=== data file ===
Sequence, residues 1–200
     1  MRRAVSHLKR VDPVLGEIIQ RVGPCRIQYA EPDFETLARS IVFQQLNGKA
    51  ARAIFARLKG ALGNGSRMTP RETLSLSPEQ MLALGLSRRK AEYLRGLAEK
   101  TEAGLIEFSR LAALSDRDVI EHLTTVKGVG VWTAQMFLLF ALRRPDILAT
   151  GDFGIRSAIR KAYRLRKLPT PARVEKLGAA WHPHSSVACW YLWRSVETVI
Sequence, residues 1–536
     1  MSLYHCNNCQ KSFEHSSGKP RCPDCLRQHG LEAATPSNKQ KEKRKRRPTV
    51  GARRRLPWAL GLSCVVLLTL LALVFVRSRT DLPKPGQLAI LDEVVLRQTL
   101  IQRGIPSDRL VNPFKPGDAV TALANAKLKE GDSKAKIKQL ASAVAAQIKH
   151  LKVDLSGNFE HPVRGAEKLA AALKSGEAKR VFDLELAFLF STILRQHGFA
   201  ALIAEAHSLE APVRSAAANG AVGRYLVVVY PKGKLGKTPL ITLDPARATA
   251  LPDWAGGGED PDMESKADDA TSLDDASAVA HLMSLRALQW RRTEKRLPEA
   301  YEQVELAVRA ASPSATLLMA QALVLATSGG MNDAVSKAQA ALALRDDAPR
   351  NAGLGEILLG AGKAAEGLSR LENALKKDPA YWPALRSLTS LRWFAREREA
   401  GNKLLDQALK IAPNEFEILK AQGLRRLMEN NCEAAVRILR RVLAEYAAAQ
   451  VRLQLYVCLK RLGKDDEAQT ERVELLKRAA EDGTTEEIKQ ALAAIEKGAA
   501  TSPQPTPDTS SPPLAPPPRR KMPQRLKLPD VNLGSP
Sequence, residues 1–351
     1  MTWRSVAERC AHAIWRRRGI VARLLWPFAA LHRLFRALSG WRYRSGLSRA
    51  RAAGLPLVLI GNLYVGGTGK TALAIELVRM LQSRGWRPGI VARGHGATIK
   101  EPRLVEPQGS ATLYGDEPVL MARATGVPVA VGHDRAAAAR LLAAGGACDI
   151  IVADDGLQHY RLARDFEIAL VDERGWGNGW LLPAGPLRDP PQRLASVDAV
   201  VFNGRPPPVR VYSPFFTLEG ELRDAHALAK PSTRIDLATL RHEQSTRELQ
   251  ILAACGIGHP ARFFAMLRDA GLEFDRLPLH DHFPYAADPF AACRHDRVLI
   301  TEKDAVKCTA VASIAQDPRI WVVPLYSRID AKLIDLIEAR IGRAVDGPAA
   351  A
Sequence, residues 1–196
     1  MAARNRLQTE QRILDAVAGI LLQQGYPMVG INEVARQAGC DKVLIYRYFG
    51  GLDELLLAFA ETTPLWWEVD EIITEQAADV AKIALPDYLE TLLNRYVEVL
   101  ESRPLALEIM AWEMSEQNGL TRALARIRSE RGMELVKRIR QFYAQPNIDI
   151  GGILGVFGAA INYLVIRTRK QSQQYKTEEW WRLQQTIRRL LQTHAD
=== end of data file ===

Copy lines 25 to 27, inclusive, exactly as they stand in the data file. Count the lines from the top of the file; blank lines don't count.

   301  TEKDAVKCTA VASIAQDPRI WVVPLYSRID AKLIDLIEAR IGRAVDGPAA
   351  A
Sequence, residues 1–196